Only 66 young people in Tairāwhiti were vaccinated against measles during the “massive” central government-led immunisation campaign that followed 2019’s national outbreak.
By Local Democracy reporter Alice Angeloni
It represents 0.4 percent of the 18,500 immunisations delivered nationally in the year-long programme that started in July 2020.
No immunisations of this type were delivered to the target group of 15 to 30-year-olds in Tairāwhiti in June, after district health boards in March were told to focus on Covid-19, flu and childhood immunisations.
DHBs have been directed to pick up the catch-up campaign to immunise young adults against measles, mumps and rubella (MMR) in October 2021.
The Government announced its $40m year-long measles campaign in July last year which was focused on the roughly 300,000 young adults aged between 15 and 30 who were not immune.
It followed the worst measles outbreak in two decades in 2019, when more than 2000 people caught the disease.
Four people with measles visited Tairawhiti during that time, but it didn’t spread to residents.
The Government secured 350,000 doses of the MMR vaccine, but Stuff revealed earlier this month that more than 250,000 of those measles vaccines would expire before they could be used.
At a Hauora Tairāwhiti DHB meeting on Monday, board member Tony Robinson asked how the programme was being delivered to the community.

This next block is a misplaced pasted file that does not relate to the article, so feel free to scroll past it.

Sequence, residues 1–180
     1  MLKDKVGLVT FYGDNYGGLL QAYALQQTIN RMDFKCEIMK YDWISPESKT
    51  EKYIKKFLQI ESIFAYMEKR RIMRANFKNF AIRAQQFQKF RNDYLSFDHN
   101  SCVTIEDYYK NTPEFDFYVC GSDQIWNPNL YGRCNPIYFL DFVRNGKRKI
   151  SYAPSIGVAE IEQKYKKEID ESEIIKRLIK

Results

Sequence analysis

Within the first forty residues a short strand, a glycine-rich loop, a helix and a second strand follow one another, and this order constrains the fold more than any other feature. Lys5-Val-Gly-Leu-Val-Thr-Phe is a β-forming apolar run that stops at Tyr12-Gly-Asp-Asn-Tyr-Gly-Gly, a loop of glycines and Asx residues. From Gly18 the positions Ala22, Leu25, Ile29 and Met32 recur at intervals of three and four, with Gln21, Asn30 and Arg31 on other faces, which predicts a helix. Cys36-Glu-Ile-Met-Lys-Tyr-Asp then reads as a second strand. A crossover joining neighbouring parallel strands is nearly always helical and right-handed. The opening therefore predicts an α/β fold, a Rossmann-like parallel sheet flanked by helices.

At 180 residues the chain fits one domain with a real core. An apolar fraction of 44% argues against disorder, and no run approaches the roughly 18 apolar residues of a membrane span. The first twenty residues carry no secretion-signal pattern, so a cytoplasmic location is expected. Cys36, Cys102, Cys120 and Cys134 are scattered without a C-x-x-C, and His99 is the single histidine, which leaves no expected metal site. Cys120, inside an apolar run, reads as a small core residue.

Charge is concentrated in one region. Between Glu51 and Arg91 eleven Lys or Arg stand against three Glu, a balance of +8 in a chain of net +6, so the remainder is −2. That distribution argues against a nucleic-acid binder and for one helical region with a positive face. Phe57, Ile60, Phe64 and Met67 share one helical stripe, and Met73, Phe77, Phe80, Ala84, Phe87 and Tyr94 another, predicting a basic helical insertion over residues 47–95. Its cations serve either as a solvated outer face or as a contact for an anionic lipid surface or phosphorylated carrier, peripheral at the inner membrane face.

He said he knew a young adult in the target age group that wasn’t immune to MMR, and wondered how that person was being followed up, or could access the vaccine.
Hauora Tairāwhiti planning and funding group manager Nicola Ehau said anyone who hadn’t received the MMR vaccine should have been followed up by their general practice.
Ministry of Health manager of immunisation Kath Blair said the campaign had been impacted by Covid-19 and the redeployment of DHB staff to support the response.
“During this time, the Ministry and DHBs continue to encourage GPs and participating pharmacists to take every opportunity to offer MMR to the target audience.
“This includes GPs recalling patients who missed having MMR as children, as well as offering MMR when a young adult presents about another matter.”
Some DHBs continued with outreach clinics, workplace and school-based programmes, she said.
The increase in more than 9000 trained and active vaccinators across the country to help with the Covid-19 vaccine programme would give more capacity to deliver other immunisation programmes later in the year, Blair said.
“Our workforce will also be able to apply the experience gained delivering a mass vaccination roll-out to bring to the MMR campaign.
“Measles is highly contagious and can make you very sick, so we urge 15 to 30-year-olds who may have missed their vaccination as a child — or who aren’t sure if they’re immunised — to get immunised.”